I've been thinking about OER and trying to discover it - including free ebooks and open textbooks... and at the same time I have been looking around for books that others are recommending in MobiMOOC on mobile learning. Of course Mohamed Ally's book Mobile Learning: Transforming the Delivery of Education and Training was recommended. The hard copy is available for sale, but it is also available as a free e-book. I checked a couple of libraries - hard copy listed, but not the free e-book. WorldCat has bibliographic records for print, Netlibrary, etc., but I didn't spot a bibliographic record for the free e-book. Should the OPAC list material that library doesn't own or license? Should libraries help us discover OER? If not, how will that job get done? (Google Books doesn't seem to note the free version.) I know - It's the old problem of staff time, whatever costs are necessary to upload and update records for what is supposed to be free material.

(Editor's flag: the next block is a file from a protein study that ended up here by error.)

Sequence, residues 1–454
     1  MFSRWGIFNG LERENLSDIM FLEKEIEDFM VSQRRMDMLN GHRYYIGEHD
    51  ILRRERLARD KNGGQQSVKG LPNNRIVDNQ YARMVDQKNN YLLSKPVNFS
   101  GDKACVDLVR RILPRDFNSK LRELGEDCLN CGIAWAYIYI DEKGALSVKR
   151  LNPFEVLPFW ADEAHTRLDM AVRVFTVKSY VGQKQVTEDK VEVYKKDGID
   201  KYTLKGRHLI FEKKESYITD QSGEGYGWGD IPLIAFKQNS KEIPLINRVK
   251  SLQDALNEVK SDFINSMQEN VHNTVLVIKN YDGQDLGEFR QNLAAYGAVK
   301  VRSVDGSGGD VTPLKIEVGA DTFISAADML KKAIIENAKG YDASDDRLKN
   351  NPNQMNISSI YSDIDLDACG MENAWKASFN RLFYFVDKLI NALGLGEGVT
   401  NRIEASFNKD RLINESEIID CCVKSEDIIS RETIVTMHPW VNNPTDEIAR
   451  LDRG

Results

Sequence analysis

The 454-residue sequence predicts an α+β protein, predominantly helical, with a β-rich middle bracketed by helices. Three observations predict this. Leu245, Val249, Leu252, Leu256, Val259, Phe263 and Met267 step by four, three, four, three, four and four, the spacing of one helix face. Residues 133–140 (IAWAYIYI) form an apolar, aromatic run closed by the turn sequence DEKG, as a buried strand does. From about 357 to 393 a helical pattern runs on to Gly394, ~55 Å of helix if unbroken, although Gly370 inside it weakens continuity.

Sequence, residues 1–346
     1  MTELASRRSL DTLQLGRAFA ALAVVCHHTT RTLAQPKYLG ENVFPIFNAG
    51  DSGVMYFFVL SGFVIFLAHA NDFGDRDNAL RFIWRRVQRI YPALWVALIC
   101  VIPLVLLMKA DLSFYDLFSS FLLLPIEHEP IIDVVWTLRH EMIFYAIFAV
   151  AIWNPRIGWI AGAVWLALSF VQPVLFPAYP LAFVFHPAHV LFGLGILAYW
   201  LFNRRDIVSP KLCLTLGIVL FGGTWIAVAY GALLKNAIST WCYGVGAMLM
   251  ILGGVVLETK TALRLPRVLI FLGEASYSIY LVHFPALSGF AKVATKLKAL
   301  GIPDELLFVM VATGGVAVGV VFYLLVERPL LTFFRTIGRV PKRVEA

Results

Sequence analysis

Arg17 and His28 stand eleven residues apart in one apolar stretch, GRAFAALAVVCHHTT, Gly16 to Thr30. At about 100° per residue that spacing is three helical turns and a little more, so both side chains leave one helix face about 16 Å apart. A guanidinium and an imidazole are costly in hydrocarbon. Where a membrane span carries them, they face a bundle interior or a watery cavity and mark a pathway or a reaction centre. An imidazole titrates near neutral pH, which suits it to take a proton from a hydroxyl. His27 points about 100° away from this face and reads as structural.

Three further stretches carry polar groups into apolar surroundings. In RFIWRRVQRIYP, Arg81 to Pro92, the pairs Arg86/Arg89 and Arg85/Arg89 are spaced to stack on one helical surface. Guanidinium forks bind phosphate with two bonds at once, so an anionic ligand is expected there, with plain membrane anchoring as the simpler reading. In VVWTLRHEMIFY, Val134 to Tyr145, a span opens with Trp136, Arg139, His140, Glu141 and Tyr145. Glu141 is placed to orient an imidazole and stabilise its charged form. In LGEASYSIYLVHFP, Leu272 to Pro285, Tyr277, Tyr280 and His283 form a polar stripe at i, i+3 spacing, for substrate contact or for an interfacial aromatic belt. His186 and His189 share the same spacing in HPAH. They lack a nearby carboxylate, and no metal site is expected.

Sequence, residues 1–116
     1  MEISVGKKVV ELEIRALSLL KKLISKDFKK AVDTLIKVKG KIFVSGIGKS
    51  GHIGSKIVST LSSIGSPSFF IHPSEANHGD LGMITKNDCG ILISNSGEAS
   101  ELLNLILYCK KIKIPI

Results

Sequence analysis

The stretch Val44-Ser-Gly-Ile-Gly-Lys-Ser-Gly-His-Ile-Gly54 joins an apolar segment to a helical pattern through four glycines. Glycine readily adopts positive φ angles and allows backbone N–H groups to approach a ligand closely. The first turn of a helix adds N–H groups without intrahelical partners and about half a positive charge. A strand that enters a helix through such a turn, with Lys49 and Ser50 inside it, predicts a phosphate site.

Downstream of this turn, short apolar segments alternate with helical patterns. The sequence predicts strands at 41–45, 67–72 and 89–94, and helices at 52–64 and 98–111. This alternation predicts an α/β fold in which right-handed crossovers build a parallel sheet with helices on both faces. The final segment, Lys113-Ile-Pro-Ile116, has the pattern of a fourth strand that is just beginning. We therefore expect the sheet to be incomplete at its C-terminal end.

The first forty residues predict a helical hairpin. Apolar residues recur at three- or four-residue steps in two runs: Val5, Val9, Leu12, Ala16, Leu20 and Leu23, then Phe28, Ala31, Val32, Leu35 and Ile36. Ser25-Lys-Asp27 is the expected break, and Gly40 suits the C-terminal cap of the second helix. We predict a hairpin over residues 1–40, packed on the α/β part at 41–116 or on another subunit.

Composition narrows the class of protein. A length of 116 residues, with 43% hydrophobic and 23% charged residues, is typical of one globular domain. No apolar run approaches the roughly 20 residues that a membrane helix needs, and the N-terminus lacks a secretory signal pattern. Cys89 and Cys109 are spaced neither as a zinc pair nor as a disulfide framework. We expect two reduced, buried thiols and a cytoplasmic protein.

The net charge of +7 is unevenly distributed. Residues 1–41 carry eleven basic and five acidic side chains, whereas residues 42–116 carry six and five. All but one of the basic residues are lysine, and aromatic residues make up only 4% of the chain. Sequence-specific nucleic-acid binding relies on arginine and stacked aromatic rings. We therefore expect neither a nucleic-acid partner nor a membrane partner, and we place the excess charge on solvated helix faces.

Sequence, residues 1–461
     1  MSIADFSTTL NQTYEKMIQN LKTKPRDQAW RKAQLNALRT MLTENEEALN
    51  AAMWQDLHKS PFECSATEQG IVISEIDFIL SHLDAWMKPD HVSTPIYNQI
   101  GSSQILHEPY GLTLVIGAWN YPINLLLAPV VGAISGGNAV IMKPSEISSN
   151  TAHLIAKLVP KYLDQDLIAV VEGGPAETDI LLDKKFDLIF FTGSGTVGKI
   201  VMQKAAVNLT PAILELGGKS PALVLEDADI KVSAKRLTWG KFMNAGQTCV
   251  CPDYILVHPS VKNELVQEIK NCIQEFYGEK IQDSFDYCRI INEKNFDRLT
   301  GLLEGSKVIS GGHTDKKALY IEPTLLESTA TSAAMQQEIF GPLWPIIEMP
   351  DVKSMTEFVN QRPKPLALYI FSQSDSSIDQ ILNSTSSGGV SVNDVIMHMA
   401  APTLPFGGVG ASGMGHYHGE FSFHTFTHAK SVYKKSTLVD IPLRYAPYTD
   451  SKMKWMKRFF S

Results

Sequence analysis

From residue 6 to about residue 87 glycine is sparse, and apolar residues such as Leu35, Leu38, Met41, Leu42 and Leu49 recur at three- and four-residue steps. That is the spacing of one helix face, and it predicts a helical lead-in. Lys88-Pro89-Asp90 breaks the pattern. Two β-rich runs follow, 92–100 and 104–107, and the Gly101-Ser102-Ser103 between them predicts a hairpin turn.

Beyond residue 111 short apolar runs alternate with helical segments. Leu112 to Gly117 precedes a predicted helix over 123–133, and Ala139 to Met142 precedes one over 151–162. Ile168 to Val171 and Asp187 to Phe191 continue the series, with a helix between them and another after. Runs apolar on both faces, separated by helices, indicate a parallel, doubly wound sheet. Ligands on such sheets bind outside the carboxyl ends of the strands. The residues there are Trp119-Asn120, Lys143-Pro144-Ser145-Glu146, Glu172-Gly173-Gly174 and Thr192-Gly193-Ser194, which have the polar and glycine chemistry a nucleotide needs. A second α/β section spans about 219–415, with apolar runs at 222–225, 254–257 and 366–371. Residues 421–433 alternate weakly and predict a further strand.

Wednesday, April 13, 2011

TCC Online 2011

Here's a bunch of us from the TCC Online Conference on Second Life discussing setting up some SIGs (Special Interest Groups): virtual worlds, mobile technology, augmented reality? Or...? The discussion continues...

Craig Kapp - Augmented Reality

The TCC Online Conference had Craig Kapp present on augmented reality. He romped through a ton of examples and I'll be interested in looking at the archive of his talk once it's available. I was mentioning some of the examples to a friend and he said "what's the point?" Fun and exploration may be the main point - It's a place to start! Kapp's a grad of NYU's Interactive Telecommunications Program - and it's in the Tisch School of the Arts - their mission: